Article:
Arguably, Andrew’s best public moment involved the first of the Anthony Weiner sexing scandals. In the spring of 2011, Weiner tweeted a link to photo of his erect penis concealed by boxer briefs to a 21-year-old female college student from Seattle, Washington, who had “conversed” with the congressman before via twitter. Though Weiner quickly removed the link from his twitter feed, screen shots of Weiner’s original message and of the photo were captured by another twitter user and sent to Andrew Breitbart who published them on Big Government the following day.
The media attacked Breitbart, accused him of faking the picture and/or hacking into Weiner’s twitter account. Eventually, Weiner scheduled a press conference to admit his guilt. I planned on watching the TV coverage, but before the press conference was to start, I received a tweet from a Breitbart colleague telling me to turn on the set immediately, Andrew had taken over the Weiner presser.
That was a bit of an exaggeration. Breitbart was in New York for a television appearance and, when he got word of the press conference, he decided to walk over and watch it live from the back of the room. But, members of the press saw him and soon all of the assembled media were aware of Andrew’s presence. All of a sudden, the TV cameras that were focused on the podium turned around to cover Breitbart. Marcia Kramer of the local CBS affiliate suggested that Andrew take the stage and answer questions. The video of that impromptu press conference is below.
Andrew saw himself as a protector of bloggers, tea partiers and all who were attacked by bullies from either side of the aisle. He was a “lead, follow or get out of the way” type of person, most of us chose to follow because no other human being could stay ahead of his amazing energy.
The last time I saw Andrew was at the bar on the last day of CPAC 2012. Sarah Palin had just finished her keynote address and the tired crew of bloggers was getting ready to go out to celebrate the three days of intense work just completed —well, all except for Breitbart. Andrew was holding court in the lounge of the hotel bar, discussing the news of the day with a group of college students who had attended CPAC. He was answering their questions and wasn’t going anywhere until each questioner was satisfied. Andrew wasn’t there because of some need to be adored by a big crowd, but because he really cared about the future of this country, wanted to create new citizen-journalists, and wanted these students to understand what was going on around them.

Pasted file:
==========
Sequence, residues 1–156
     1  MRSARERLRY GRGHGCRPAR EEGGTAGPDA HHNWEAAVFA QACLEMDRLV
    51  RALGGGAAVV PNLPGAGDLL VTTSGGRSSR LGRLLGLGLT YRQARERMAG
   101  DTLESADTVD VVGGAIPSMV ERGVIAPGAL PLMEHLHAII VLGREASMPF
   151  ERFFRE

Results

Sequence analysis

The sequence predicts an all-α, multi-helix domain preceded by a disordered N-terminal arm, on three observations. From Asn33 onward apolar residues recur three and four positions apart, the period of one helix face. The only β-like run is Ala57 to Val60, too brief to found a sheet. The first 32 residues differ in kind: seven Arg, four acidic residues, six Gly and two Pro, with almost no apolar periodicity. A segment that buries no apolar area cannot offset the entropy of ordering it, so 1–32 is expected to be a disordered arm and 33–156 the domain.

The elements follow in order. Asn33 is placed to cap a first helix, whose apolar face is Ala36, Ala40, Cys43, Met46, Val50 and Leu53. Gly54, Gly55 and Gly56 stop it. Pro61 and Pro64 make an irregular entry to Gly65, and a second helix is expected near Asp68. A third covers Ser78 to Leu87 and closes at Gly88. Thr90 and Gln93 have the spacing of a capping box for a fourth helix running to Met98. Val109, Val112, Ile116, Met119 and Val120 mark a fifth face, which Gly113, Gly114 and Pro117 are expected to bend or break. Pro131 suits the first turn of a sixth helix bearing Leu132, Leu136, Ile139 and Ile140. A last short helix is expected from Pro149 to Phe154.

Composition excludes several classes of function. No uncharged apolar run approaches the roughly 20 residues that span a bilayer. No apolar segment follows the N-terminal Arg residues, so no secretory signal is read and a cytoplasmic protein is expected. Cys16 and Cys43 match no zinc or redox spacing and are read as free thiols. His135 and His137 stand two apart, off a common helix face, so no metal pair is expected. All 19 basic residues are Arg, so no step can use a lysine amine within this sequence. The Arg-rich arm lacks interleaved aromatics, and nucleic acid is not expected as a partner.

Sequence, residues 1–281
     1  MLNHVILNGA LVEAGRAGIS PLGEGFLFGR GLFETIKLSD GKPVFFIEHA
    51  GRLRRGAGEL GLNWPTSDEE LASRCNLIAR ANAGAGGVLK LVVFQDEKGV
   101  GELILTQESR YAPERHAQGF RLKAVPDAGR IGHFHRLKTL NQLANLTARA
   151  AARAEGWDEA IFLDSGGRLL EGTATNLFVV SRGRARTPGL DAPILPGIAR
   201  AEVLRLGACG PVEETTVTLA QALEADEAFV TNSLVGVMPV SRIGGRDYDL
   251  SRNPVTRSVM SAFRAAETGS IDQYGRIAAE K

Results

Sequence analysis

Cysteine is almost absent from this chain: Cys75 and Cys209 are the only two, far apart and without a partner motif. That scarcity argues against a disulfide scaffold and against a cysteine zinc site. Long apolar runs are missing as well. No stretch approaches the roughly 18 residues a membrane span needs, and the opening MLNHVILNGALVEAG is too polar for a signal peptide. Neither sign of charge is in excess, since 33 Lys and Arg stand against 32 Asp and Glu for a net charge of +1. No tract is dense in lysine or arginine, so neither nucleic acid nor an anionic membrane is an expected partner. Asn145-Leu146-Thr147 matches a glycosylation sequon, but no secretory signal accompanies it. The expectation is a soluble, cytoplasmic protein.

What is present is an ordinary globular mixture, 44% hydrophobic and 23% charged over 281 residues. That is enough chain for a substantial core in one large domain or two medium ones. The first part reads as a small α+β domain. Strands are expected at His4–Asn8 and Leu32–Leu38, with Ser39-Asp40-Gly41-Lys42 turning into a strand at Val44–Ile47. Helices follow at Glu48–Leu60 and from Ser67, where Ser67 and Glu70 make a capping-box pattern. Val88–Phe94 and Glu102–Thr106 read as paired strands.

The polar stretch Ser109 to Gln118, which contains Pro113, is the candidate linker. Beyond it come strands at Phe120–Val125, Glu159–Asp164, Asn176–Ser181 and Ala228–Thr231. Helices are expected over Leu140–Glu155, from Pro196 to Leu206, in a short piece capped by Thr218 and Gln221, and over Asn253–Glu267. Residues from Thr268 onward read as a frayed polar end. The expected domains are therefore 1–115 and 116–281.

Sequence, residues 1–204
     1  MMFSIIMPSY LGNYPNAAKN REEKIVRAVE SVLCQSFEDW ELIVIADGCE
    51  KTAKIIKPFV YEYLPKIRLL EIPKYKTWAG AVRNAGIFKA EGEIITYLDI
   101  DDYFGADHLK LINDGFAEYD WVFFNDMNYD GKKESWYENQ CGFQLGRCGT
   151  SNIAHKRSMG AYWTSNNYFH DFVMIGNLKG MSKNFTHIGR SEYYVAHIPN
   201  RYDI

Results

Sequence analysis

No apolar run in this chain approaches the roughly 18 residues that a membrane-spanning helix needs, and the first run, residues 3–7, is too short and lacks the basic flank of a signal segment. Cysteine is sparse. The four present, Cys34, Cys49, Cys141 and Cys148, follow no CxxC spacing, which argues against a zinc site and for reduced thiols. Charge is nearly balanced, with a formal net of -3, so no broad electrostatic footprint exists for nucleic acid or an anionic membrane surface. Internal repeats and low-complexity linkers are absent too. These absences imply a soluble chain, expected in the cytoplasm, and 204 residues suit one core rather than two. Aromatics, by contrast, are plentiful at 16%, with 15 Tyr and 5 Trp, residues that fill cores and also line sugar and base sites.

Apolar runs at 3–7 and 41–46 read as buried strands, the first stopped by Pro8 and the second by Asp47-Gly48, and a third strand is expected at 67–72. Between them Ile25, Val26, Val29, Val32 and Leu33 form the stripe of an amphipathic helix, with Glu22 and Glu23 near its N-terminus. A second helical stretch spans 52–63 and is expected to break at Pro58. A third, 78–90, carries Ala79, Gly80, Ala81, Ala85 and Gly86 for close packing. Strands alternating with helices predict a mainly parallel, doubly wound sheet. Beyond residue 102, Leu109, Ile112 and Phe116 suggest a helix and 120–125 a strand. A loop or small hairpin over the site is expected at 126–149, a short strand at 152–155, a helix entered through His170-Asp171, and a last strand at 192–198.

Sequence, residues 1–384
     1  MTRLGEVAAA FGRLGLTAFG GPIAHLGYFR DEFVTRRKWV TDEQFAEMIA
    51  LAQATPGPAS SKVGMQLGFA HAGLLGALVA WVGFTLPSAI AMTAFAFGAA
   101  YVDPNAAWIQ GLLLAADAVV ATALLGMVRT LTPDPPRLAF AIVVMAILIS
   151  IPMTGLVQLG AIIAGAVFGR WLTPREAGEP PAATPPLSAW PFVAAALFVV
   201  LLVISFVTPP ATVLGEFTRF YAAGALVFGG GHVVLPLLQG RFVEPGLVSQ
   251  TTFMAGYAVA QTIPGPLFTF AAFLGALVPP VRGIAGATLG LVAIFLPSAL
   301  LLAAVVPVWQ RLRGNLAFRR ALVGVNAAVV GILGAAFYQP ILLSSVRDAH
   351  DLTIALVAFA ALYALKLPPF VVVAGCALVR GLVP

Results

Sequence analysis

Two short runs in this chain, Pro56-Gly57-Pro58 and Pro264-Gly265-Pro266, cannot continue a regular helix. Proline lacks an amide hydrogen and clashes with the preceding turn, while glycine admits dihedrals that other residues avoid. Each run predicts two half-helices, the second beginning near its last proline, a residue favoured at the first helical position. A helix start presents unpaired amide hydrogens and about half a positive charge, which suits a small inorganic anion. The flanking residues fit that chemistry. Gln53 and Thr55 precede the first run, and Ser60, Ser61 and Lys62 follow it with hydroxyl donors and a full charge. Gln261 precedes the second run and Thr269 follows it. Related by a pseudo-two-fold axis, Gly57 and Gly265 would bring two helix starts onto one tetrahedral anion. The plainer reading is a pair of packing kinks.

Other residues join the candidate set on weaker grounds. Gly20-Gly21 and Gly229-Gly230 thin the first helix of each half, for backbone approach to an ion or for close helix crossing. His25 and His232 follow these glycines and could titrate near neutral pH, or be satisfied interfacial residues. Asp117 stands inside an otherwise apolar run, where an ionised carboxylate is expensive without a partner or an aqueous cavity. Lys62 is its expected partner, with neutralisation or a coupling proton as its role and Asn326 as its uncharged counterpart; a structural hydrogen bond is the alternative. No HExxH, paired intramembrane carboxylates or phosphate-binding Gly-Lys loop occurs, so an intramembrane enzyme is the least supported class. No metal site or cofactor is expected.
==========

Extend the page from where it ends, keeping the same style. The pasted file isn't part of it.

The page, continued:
That’s the point the anti-Breitbart smear machine could never understand, Breitbart wasn’t working hard to promote politics or ego – he was motivated by his love for this country, a quest for the truth, and for the future of his children.
In a way, it is ironic that when Andrew died four years ago; it was just before the Jewish holiday of Purim. Like many Jewish holidays, Purim’s theme is “they tried to kill us, we won, let’s eat.” But what makes Purim different is that there is no overt splitting of the sea-type miracle. The lesson is of the holiday is to have faith; the victory came from God even though he was “hidden” during Purim. To celebrate Purim, Jews wear masks and costumes to hide our faces the same way God did.
Andrew Breitbart’s work was all about masks and hiding. He forced politicians and mass media figures to take off their masks–that spin and rhetoric covering so much of what citizens are still being told today. He fought hard to ensure that we would not be confused by the “happy-talk, everything is wonderful” costumes covering up the dangers ahead for America. At the same time, he created an army of truth-seekers, most of whom are still fighting four years later.
When Andrew passed away four years ago today, the country lost a heroic warrior. I lost a mentor and a friend. Andrew Breitbart made America a better, more transparent country, as he made those of us who had the joy of working for him better truth-seekers and people.
Today, there will be a lot of articles posted about Andrew Breitbart. If he were here to read them, Andrew would tell us all to stop the whining, get off our asses, and fight for the truth. Despite incidents such as the Weiner press conference, it was never about him. If anyone really wants to to know how to honor Breitbart’s memory, there is only one way to do it. Get off the sidelines! This is our fight now. As Andrew said in his last CPAC speech, “pick up a sword and join in”.
Andrew is no longer here to help us, but something tells me he is in heaven right now warning God not to believe what that leftist Satan guy is saying.
May God continue to provide comfort to Andrew’s wife Susannah, their four kids and the rest of his friends and loved ones on this the anniversary of his passing. And may Andrew Breitbart’s memory always be for a blessing.
I miss you friend.